Combatting the Common Cold: Proven Strategies for Managing Colds, Coughs, and Flu Symptoms

Combatting the Common Cold: Proven Strategies for Managing Colds, Coughs, and Flu Symptoms

Coughs are very aggravating. They affect everyone and discriminate against none. Worst of all, they seem to linger and take a long time to get over—yes, we lose years over a cough (though they usually last for weeks in real-time). This article will discuss different types of coughs and management advice.

Types of Coughs

Coughs are the body’s natural way of clearing the airways. There are two ways of classifying coughs: (a) their duration and onset and (b) the presence and absence of mucous (phlegm).

Note: If you are taking medication and have developed a cough, speak to your pharmacist or GP, as your medication may require a review.

Why does my GP refuse to prescribe antibiotics for my cough?

Antibiotics are not routinely prescribed for viral infections, as they are ineffective. Over-the-counter remedies are available to provide symptomatic relief (see below).

Sometimes, GPs may choose to prescribe an antibiotic for a viral infection due to the presence of complications or perhaps a secondary infection.

Often, patients request antibiotics from their GP due to the misconception that antibiotics ‘are the solution to everything.’ All medicines have side effects, and if a person takes an antibiotic they may not need, they may develop antibiotic resistance. If you feel unwell or are concerned about your symptoms, speak to your pharmacist or GP.

Coughs in Children

After a review conducted by the Commission on Human Medicines over the safety of cough and cold medicines, it was found that medicines containing any of the following ingredients are unsafe for children under the age of 6 and must not be used over the counter.

These active ingredients include expectorants (guaifenesin and ipecacuanha); nasal decongestants (ephedrine, oxymetazoline, phenylephrine, pseudoephedrine, and xylometazoline); antitussives (dextromethorphan); and antihistamines (brompheniramine, chlorphenamine, diphenhydramine, doxylamine, promethazine, and triprolidine).

Speak to your pharmacist before selecting a product for children aged 6- 12 with cough or cold symptoms.

Over-the-counter treatments for coughs

Lozenges or pastilles

  • Sucking on these products can provide relief.
  • To keep the throat lubricated.

Traditional herbal medicinal products

  • It can be used for different types of acute coughs – irrespective of whether mucous is produced.
  • E.g. Bronchostop.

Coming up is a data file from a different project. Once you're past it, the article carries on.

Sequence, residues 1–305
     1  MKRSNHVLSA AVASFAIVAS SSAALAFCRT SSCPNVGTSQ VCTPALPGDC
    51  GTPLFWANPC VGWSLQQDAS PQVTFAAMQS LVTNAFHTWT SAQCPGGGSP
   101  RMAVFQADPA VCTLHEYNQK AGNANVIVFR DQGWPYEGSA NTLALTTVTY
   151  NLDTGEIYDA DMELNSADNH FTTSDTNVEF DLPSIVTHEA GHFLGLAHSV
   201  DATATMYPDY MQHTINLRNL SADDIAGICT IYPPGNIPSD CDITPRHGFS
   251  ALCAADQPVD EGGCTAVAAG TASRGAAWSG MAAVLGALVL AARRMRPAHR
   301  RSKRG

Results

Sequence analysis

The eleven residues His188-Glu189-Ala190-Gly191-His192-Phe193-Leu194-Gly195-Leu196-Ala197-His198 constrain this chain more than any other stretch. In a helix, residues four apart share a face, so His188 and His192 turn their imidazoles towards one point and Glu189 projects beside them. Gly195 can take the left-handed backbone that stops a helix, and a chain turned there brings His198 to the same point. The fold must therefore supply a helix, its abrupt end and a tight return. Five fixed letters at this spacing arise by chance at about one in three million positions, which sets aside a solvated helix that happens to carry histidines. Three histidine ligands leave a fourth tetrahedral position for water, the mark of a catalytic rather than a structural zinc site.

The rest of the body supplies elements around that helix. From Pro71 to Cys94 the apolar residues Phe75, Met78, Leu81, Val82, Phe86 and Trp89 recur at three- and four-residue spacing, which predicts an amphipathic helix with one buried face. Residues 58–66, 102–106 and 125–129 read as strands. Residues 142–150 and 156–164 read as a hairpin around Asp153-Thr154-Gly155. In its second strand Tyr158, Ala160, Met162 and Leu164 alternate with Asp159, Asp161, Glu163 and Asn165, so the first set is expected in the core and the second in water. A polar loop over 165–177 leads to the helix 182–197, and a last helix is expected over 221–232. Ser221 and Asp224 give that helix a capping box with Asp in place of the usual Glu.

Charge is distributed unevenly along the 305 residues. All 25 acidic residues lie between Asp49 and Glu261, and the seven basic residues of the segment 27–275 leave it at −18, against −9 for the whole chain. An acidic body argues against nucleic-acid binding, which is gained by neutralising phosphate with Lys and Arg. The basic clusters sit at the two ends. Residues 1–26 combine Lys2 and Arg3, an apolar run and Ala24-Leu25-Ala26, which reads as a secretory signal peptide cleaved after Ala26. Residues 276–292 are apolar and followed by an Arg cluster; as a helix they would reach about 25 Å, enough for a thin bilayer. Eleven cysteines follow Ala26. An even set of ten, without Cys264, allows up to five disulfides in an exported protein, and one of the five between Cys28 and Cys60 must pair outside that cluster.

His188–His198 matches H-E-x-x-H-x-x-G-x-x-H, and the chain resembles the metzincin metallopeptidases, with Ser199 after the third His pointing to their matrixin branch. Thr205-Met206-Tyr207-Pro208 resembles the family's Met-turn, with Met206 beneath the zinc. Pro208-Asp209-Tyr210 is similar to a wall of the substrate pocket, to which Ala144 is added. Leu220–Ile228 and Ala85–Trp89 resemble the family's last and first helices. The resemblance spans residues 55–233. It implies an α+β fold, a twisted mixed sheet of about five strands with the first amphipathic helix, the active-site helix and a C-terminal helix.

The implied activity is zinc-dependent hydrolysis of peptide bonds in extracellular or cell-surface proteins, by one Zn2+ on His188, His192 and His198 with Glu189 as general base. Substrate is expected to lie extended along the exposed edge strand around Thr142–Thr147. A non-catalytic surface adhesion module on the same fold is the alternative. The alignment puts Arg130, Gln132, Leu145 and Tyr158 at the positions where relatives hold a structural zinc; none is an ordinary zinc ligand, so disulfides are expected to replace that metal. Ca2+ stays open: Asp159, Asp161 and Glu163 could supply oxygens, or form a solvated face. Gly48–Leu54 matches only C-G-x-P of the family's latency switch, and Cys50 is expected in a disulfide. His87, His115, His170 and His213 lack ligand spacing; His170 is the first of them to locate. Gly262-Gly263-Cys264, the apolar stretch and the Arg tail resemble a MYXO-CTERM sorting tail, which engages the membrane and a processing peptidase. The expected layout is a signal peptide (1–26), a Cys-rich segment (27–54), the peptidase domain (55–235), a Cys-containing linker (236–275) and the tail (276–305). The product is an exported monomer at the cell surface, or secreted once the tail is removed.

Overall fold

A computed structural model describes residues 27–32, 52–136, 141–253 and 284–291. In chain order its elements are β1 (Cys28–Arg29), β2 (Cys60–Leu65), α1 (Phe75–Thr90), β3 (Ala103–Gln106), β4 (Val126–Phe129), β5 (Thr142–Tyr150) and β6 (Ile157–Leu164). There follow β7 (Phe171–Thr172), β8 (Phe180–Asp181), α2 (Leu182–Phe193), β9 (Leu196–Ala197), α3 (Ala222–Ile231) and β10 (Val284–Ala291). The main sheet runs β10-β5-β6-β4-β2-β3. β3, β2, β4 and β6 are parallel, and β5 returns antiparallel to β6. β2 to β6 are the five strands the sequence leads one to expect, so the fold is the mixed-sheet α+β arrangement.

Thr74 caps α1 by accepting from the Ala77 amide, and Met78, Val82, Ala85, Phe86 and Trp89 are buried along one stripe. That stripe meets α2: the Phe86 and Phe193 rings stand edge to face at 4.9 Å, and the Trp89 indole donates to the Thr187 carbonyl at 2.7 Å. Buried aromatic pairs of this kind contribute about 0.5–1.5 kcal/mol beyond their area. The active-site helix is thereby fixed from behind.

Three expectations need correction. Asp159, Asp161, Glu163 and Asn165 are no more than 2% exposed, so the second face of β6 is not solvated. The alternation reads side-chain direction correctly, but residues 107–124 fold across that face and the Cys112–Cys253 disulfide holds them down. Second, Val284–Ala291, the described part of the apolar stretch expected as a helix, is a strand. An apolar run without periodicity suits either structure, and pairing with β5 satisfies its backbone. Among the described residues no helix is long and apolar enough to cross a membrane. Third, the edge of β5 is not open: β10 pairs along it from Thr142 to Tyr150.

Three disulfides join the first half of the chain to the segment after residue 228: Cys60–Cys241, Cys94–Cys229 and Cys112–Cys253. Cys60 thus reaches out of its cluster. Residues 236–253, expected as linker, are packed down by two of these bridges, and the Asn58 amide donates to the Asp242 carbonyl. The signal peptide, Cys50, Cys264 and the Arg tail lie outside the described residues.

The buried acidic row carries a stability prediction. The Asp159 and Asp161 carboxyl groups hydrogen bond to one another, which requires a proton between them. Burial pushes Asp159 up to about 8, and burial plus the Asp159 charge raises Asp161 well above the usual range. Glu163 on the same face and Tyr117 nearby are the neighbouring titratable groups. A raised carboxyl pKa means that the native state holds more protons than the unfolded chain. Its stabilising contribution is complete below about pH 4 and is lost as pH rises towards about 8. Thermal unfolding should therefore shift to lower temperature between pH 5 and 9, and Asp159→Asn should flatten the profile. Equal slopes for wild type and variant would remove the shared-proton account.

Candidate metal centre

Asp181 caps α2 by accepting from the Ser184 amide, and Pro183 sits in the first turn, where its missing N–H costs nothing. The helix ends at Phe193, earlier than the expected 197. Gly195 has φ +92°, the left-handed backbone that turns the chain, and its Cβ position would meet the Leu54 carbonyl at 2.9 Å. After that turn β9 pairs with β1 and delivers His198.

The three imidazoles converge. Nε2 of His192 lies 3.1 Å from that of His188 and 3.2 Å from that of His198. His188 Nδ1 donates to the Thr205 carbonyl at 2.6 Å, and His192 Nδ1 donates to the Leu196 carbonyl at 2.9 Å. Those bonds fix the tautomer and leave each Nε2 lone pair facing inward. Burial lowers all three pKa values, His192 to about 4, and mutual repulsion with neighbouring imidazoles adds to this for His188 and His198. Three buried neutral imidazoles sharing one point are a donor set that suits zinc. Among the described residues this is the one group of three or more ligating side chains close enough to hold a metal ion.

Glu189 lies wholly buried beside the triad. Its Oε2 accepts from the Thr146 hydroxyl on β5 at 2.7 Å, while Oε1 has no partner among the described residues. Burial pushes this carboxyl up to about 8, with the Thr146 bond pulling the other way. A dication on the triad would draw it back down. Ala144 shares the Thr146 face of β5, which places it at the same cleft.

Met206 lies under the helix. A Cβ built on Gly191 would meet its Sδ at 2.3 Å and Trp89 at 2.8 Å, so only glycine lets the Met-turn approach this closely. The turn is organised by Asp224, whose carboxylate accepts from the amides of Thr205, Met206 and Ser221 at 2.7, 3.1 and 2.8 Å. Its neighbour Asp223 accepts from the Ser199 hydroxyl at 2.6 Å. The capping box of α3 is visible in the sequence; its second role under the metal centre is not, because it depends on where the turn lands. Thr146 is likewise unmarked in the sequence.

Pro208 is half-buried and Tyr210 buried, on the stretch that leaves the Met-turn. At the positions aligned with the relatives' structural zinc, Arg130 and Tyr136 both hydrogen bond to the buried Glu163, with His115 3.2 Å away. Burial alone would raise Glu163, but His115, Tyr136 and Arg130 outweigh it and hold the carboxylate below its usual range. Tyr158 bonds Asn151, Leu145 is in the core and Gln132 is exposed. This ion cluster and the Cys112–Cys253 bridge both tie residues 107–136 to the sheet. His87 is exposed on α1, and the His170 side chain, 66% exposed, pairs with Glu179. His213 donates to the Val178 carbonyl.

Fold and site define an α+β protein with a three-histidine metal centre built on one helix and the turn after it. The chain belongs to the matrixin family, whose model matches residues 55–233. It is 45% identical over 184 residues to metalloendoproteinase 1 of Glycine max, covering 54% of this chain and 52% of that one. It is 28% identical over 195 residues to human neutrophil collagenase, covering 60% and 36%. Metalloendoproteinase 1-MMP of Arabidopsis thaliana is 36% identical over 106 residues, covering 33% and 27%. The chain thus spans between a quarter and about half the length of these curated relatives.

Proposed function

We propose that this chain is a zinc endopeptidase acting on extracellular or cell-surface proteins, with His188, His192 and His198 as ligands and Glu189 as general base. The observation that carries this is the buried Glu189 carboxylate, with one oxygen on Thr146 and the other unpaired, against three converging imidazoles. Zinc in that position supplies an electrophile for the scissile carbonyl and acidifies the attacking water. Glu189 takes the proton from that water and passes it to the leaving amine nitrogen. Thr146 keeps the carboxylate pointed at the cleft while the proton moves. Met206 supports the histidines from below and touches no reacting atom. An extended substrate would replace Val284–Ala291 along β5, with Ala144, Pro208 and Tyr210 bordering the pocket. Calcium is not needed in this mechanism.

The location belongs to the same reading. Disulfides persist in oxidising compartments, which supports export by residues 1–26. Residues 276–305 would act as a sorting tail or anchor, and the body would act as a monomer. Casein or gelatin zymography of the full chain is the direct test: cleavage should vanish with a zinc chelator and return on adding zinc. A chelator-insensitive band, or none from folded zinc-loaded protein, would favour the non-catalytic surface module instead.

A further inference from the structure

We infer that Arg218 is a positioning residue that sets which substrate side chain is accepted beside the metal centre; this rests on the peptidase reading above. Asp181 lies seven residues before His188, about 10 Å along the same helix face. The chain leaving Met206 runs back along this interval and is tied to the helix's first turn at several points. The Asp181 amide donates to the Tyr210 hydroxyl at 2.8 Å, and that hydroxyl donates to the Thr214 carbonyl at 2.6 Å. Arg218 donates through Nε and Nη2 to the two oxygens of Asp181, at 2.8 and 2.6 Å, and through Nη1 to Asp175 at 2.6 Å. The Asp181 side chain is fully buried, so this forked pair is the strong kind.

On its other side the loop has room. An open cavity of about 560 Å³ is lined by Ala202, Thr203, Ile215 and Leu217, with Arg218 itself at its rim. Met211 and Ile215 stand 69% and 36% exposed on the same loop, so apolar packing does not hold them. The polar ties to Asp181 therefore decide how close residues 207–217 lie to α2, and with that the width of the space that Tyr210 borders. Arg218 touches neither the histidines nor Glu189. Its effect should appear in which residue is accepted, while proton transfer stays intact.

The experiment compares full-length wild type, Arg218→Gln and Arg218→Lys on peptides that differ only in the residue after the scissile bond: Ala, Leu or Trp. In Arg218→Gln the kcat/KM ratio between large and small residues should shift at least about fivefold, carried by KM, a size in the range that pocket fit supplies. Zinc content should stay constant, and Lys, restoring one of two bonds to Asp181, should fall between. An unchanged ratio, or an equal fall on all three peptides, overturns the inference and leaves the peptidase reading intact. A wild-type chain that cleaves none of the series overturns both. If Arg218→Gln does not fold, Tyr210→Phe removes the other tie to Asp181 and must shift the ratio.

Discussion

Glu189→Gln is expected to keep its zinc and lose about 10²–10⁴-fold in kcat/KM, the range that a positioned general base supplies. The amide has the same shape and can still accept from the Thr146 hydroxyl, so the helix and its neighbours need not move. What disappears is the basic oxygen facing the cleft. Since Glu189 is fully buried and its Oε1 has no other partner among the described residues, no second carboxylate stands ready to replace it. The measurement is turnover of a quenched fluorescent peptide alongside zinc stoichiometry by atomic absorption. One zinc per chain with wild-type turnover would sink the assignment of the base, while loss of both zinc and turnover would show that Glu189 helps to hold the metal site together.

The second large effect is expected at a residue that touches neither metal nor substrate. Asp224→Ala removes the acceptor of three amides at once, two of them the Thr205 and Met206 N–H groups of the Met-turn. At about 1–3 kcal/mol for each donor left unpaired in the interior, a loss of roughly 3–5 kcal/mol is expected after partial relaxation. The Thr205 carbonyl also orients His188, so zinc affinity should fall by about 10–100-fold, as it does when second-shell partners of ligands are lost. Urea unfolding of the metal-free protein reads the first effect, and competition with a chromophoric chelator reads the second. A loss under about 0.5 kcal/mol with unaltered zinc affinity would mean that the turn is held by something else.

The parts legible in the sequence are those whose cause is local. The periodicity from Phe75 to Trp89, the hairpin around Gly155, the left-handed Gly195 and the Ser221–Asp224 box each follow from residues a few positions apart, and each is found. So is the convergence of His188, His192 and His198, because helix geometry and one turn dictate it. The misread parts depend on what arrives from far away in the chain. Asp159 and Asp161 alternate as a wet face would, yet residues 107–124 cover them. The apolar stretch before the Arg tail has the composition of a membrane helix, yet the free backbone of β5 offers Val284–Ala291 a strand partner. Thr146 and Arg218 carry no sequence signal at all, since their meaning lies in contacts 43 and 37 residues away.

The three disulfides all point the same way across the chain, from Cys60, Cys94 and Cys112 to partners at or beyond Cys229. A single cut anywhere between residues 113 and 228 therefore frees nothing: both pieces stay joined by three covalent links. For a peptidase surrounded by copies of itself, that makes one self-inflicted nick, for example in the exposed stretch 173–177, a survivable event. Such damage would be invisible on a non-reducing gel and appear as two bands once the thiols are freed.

Aromatic vapour rubs

  • Applied to the chest and back to ease breathing and thus allow the individual to sleep better.
  • E.g. Vicks Vapour Rub.


  • Contains Glycerin or glycerol.
  • Coat and soothe the throat and provide temporary relief.
  • E.g., glycerin syrup, Tixylix, and CalCough Children’s Syrup.
  • Note: These products often have a high sugar content and may not be suitable for people with diabetes.


  • For dry or tickly coughs.
  • Contain Dextromethorphan.
  • Suppress the body’s cough reflex.
  • For example, Benylin is used for dry coughs, and Robitussin is used for dry coughs.


  • For chesty or productive coughs.
  • Contains Guaifenesin, ipecacuanha or squill.
  • It helps to loosen and clear mucus from the chest, making it easier to expel.
  • E.g. Covonia Chesty Cough Mixture Mentholated.

Note: Cough suppressants and expectorants should not be used interchangeably as they have opposing effects. Knowing your cough type is essential to select the correct medicine. Using the incorrect product can worsen your symptoms. If you are unsure about your symptoms, speak to your pharmacist.

Purpose of over-the-counter remedies

It is important to note that no over-the-counter medicines will cure your cough. Coughs are generally self-limiting and will get better themselves. Over-the-counter medicines provide symptomatic relief.

When should I see my GP?

  • Vomiting after coughing.
  • Chest, shoulder, neck or arm pain.
  • Swollen and painful glands in the neck.
  • Coughing up blood or coloured phlegm.
  • You are concerned about your symptoms, or you have other symptoms which were not mentioned above.
  • Pregnant or breastfeeding women.
  • Lumps or swellings in the neck.
  • A cough that is worse first thing in the morning, at night or after exercise.
  • Symptoms that have not resolved after three weeks.
  • A cough that is reoccurring and not resolving, irrespective of treatment.
  • Children under the age of 6.
  • Feeling generally unwell or have a weakened immune system.
  • You are taking any medication or having any medical conditions.
  • A barking cough, especially in children.
  • Sudden or unintentional weight loss.

Where can I get more information on coughs?

NHS website on Cough

Smoking Pack Years